Okay, I rambled on more that I meant to. Let me just say that lunch was tasty, although due to my new Japanese perspective on food (hara hachi bunme – eat until you are 80% full, and meat is an occasional side dish) I finished my potato salad but left half of the burger on the plate. It was tasty, but I had to drink two full glasses of Coke to wash it down my throat.

Final results? I’m having trouble writing this because I’ve had to go to the toilet five times since I got home. It seems the food to poo conversion rate is much quicker with American foods, thereby backing my view that American food is basically shite. It’s funny – I took to Japanese foods immediately, but when I tried to have an American meal it upset my stomach. It’s kind of like before my thirty day J-trial with authentic Mexican food. I liked it, but if I ate too much (especially the ultra-spicy stuff) there would be a price to pay. Now if I want to have American food, I have to pay for that in addition to the fact that I’m eating greasy, fattening, smelly, ugly, and generally less appealing food in the first place.

I may never eat American food again. Watashi wa Nihon-jin desu.

So, I’ll be having Japanese at home tonight. I thought about Umezono, but I’ve been three times this week already and I don’t want the little waitress-usagi to think I’m in love with them, even though I am. At least they have gotten over their fear and loathing of me. When I first ate there, they all shouted “Irasshaimase” when I entered, which probably means “Great. Another fecking redneck on our turf.” Then they ignored me for awhile. Yesterday, the first one I encountered smiled and said “Hi.” I wanted to fold the little beauty into my arms, gently nibble on her ear, and whisper sweet nothings like “Be my victim.” But I’ve lived long enough to know that some women just can’t take a compliment, so I kept my desires to myself.

I opened my refrigerator and realized that I still have some things leftover from my days when I ate as an American. It’s time to do some spring cleaning and say good-bye to a few old friends. Cocktail sauce? Buh-bye. Ketchup? There was a time I needed you daily, but now you’re gone. Here’s the real kicker – ranch dressing. Once I viewed it as nature’s most perfect food, something that complimented nearly everything I ate – salads, chicken strips, pizza, fried mozzarella sticks, you name it. Now the only thing I would possibly ever use it on would be a salad, and I prefer either Marie’s Spinach Salad dressing for spinach salads or Umezono’s house dressing (made with miso paste) for other salads. After I clear out a few non-J ingredients, my refrigerator will be filled with nothing but healthy, organic foods.

Notice a theme?

I challenge you to find a single unhealthy food in my refrigerator. Bonus pic for no reason at all: my pantry.

J-food rulz!


Tracy Lynn said...

Dude, I totally get the American food thing. Since I started to change my diet for dialysis, there are just some things I can't/won't eat anymore, and high on the list is stuff that's fried. I don't include tempura, because it seems so light it's not like eating fried food at all.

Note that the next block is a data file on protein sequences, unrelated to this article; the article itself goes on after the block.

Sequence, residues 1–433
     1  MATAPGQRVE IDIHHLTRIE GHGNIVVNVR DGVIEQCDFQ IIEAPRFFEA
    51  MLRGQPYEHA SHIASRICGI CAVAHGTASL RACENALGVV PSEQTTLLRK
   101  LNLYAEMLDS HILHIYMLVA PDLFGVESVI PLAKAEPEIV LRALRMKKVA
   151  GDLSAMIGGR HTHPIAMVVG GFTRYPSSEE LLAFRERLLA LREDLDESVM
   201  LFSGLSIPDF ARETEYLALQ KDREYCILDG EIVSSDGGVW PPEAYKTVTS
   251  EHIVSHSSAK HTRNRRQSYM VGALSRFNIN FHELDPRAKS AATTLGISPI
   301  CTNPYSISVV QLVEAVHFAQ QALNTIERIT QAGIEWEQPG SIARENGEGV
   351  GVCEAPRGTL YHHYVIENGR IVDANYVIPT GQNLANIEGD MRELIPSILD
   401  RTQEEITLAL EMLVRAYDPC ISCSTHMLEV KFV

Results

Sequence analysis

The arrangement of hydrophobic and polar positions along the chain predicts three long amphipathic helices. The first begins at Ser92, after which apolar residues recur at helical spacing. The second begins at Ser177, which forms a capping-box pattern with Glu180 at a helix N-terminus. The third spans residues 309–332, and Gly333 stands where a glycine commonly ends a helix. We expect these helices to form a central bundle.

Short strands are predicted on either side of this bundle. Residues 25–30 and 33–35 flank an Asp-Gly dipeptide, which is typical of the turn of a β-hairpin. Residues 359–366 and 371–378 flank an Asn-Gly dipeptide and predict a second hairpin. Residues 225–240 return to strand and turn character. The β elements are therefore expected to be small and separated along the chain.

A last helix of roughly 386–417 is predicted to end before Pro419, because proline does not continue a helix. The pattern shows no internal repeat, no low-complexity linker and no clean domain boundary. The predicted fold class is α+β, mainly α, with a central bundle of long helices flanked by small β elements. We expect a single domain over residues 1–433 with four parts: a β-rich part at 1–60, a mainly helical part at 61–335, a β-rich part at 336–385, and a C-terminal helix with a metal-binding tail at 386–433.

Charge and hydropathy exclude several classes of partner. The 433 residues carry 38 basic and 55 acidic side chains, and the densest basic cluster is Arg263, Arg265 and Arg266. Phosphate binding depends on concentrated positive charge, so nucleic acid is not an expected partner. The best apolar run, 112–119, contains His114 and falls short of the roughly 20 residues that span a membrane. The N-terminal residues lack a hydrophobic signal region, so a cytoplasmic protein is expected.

I tried to eat fried clams last months, and seriously thought I might die.

People aren't as loud here in New England, and even if they are, they don't generally talk about Jesus. At least, not at mealtimes. People are trying to eat, for crissakes.

fatty ~ said...

hehehe ~ i'm not surprised. you did a real good system clean. Bye bye cheeseburgers!

I have a tough stomach - can eat anything without digestive problems.

"Irasshaimase" - they always say that in welcome don't they? Especially to new customers and westerners to make you feel welcome/special. I suppose you're considered a regular now ;)

mal said...

Republic of Tea has a really great selection of flavored green and black teas

I am with you on Jesus, I suspect he would be really annoyed if he were here and heard all the things that are said and done in his name.

hellbunny said...

Plenty of beer in your fridge Grant.What seaweed rice crackers like?

Kira said...

Beer: it's not just for breakfast anymore!

Grant said...

tracy lynn - I noticed Umezono's yasai tempura isn't very greasy. It's funny what you said about New Englanders - around here they have a reputation for being noisy, although less Jebus-obsessed.

fatty - I had a piece of of steak tonight, but I ate it J-style. The rice and miso soup was the mainstay of the meal, with just a bit of beef to flavor things. I hope they're considering me a regular because a) I am, and b) they're all extremely hot.

mallory - amen. After I use up my Lipton green tea, I'm going to stick with the stuff I get from the local Japanese store.

hellbunny - I tend to stock up on beer. The Lowenbrau is what I normally drink, the 12pack behind is Belgian that I wanted to try, the two six-packs are Japanese (never tried them either), and the Coors are for my visiting guests who don't like non American beers. Seaweed rice crackers are very salty, but don't dry your mouth the way saltines do.

kira - I bought a bumper sticker in Austin that said the same thing.

SJ said...

Ooooh! Look at all those lovely bottles... your fridge is totally gonna get raided.